But the book isn’t exclusively an arcane tome. Aside from Legutko’s evident learning, what enhances the work is the author’s ability to draw upon his own experience: born in the wake of the Second World War, raised in the ambit of Soviet communism, and employed in adulthood in the European Parliament, Legutko’s is a life which has witnessed the workings of both regimes first hand.
With Legutko recalling that the transition to liberal democracy in his native Poland was greeted with an enthusiasm that soon devolved into disenchantment. As he states, his initial exuberance swiftly subsided, sensing early on that
“liberal democracy significantly narrowed the area of what was permissible – [with the] sense of having many doors open and many possibilities to pursue [soon evaporating], subdued by the new rhetoric of necessity that the liberal democratic system brought with itself.”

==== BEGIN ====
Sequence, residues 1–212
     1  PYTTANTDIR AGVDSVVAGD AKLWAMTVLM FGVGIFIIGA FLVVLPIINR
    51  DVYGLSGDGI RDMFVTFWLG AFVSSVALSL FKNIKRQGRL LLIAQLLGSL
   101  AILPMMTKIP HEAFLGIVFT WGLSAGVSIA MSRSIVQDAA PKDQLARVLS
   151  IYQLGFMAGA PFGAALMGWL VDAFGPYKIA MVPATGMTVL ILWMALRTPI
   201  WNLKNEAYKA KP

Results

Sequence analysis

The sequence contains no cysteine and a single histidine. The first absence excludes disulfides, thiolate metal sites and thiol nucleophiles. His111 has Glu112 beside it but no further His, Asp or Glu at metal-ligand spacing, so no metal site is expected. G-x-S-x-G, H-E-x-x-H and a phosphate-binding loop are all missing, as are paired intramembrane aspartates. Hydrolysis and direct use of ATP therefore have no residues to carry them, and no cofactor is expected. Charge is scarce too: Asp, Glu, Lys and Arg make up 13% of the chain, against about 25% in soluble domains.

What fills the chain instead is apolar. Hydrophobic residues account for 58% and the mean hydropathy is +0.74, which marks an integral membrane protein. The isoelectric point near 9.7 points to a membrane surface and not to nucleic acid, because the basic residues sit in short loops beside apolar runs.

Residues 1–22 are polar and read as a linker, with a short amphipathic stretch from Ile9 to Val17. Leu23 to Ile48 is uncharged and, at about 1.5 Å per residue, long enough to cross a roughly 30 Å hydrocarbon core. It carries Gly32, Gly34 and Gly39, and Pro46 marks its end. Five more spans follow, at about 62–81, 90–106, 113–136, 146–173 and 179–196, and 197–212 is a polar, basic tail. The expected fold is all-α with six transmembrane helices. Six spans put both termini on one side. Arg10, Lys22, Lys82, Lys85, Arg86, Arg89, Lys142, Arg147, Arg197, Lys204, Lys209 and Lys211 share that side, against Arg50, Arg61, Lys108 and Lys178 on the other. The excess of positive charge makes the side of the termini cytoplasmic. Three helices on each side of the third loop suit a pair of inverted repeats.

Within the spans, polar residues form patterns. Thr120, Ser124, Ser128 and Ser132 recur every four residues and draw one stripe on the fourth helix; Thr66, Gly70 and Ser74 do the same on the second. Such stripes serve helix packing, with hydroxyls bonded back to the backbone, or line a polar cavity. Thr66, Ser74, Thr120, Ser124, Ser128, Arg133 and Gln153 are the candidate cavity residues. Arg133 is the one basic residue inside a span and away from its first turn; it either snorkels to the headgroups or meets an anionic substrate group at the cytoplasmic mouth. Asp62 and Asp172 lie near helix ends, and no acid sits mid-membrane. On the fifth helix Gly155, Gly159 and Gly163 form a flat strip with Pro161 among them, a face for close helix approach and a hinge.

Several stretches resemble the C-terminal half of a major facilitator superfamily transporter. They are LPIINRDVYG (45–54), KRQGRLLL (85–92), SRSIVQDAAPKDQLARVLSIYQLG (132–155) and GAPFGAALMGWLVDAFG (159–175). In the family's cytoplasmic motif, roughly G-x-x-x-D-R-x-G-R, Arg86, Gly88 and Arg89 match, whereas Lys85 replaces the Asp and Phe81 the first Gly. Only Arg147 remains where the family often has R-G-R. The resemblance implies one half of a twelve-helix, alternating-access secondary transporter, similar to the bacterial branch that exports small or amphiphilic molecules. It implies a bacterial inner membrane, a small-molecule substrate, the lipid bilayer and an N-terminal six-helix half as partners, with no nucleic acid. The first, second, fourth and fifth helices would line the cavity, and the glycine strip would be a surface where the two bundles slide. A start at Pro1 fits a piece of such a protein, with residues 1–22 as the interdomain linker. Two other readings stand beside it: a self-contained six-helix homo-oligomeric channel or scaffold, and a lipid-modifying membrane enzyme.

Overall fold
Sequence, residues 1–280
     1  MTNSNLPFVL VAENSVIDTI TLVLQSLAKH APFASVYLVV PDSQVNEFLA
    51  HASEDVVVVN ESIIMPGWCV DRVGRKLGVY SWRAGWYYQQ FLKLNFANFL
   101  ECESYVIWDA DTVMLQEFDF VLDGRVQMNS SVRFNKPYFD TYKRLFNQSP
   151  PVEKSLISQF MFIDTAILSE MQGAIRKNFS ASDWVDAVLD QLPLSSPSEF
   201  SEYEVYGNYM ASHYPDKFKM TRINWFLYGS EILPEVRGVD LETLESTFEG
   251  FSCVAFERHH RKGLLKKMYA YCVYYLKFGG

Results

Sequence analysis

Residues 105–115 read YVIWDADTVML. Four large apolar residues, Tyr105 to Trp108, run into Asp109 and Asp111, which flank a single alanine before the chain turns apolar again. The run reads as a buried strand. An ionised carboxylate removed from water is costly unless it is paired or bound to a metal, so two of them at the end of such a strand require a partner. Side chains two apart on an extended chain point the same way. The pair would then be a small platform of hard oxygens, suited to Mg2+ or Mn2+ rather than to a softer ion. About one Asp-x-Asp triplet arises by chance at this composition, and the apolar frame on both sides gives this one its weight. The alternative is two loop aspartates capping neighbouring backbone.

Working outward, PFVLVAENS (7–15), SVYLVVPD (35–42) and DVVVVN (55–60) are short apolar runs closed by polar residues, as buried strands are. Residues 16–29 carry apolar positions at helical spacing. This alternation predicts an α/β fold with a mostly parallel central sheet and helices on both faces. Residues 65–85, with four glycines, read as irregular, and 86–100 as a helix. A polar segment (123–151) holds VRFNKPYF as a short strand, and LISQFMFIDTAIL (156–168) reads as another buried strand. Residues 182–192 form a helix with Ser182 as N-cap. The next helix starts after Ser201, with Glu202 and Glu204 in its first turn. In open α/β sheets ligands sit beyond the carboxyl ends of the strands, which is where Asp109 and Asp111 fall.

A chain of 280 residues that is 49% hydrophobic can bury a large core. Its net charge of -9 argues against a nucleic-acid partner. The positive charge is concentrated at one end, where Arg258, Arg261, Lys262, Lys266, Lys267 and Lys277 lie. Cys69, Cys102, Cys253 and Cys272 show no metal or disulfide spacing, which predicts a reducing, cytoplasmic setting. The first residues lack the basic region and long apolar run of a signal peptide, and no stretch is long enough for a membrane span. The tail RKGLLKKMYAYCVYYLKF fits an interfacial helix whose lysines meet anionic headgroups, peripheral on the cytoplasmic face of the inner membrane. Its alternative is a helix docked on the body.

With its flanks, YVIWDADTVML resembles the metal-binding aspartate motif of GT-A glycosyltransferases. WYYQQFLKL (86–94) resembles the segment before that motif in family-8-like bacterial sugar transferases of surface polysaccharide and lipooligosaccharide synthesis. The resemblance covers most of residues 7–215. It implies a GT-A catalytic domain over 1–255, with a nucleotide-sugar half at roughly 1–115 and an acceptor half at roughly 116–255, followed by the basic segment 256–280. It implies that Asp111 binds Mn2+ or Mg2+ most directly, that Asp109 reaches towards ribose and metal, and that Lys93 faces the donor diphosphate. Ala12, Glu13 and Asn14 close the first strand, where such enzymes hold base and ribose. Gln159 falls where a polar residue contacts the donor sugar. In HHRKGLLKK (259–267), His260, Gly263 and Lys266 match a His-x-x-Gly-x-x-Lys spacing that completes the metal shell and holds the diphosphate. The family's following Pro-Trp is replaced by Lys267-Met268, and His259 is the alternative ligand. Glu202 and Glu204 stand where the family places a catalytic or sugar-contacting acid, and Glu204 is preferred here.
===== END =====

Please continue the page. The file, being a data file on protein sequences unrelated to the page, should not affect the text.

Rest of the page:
An insight that deepened the longer he worked within that most emblematic institution of modern-day liberalism: the European Parliament.
“Whilst there, I saw up close what…escapes the attention of many observers. If the European Parliament is supposed to be the emanation of the spirit of today’s liberal democracy, then this spirit is certainly neither good nor beautiful: it has many bad and ugly features, some of which, unfortunately, it shares with communism.”
“Even a preliminary contact…allows one to feel a stifling atmosphere typical of a political monopoly, to see the destruction of language turning into a new form of Newspeak, to observe the creation of a surreality, mostly ideological, that obfuscates the real world, to witness an uncompromising hostility against all dissidents, and to perceive many other things only too familiar to anyone who remembers the world governed by the Communist Party”.
And it is this tyrannical aspect of liberal democracy to which Legutko ultimately inveighs. After brief remarks on the eclipse of the old religion (Christianity) at the hands of the new liberal order, Legutko’s parting words are an understandable lament that liberal-democratic man – “more stubborn, more narrow-minded, and…less willing to learn from others” – appears to have vanquished all-comers.